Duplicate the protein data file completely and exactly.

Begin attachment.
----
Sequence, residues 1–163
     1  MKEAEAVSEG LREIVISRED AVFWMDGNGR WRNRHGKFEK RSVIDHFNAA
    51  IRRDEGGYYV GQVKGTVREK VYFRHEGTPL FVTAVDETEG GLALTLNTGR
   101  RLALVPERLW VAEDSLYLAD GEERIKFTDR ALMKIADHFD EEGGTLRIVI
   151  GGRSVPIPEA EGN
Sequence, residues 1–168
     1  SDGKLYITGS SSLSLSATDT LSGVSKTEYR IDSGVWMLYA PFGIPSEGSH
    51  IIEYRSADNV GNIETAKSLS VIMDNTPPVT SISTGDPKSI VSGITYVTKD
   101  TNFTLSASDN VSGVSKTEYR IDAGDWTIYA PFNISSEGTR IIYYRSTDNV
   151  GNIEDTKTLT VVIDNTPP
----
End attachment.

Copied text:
Sequence, residues 1–163
     1  MKEAEAVSEG LREIVISRED AVFWMDGNGR WRNRHGKFEK RSVIDHFNAA
    51  IRRDEGGYYV GQVKGTVREK VYFRHEGTPL FVTAVDETEG GLALTLNTGR
   101  RLALVPERLW VAEDSLYLAD GEERIKFTDR ALMKIADHFD EEGGTLRIVI
   151  GGRSVPIPEA EGN
Sequence, residues 1–168
     1  SDGKLYITGS SSLSLSATDT LSGVSKTEYR IDSGVWMLYA PFGIPSEGSH
    51  IIEYRSADNV GNIETAKSLS VIMDNTPPVT SISTGDPKSI VSGITYVTKD
   101  TNFTLSASDN VSGVSKTEYR IDAGDWTIYA PFNISSEGTR IIYYRSTDNV
   151  GNIEDTKTLT VVIDNTPP